Composer is a nifty tool that helps you manage Drupal and all its associated parts (modules, themes, libraries). Before diving in, be certain you have composer installed on your computer.
When using Drupal 10, it's wise to use the composer template found at drupal/recommended-project. This template ensures that Drupal Core dependencies are the exact same version as the official Drupal release. There are alternative methods, but this one is top-notch.
Initiate a project
composer create-project drupal/recommended-project my_site_name_dir
Doing this creates a project in 'my_site_name_dir' and automatically runs
composer install to fetch the newest stable version of Drupal and all its dependencies.
Note that your 'my_site_name_dir' will house files that should be kept outside of your web root, away from the prying eyes of the web server. The web root will be 'my_site_name_dir/web'.
Composer installation via Docker
If you're employing a Docker-based workflow, you might not have composer and its dependencies installed yet. In that case, use the following command to create your Drupal project:
docker run --rm -i --tty -v $PWD:/app composer create-project drupal/recommended-project my_site_name_dir --ignore-platform-reqs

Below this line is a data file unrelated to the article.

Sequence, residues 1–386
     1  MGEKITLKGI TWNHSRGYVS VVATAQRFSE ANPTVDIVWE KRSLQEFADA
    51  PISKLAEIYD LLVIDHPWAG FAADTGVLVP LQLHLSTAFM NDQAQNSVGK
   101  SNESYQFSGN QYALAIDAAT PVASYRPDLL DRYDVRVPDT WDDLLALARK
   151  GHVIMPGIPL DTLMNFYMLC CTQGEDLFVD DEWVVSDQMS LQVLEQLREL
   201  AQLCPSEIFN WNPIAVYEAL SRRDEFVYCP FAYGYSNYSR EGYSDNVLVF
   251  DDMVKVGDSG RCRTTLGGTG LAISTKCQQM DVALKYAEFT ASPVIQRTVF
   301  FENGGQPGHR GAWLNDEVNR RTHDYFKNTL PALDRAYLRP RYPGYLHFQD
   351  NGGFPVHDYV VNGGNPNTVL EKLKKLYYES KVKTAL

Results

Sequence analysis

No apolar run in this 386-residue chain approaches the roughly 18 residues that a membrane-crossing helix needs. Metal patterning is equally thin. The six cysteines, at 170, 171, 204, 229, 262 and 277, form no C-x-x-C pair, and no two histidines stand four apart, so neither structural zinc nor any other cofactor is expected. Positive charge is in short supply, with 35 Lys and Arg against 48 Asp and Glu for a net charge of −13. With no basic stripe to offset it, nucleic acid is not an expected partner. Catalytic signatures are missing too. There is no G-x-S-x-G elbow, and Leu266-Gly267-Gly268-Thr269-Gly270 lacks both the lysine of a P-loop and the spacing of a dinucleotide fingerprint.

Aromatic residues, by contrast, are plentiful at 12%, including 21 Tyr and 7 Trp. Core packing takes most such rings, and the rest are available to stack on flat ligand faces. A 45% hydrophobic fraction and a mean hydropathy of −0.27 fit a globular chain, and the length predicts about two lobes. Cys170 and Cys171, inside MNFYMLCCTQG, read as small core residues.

Set up Drupal using the standard web interface
Once composer has finished downloading the necessary packages, simply direct your browser to your site's URL and kick off the setup. You'll be prompted for database credentials, an admin user name, and some basic info.
Get Drupal up and running through the command line
Drush allows you to install Drupal from the command line. To add Drush to your project, type:
composer require drush/drush and then use drush site:install to launch the command line setup wizard. Without any arguments, it will install the standard profile and only ask for your database credentials.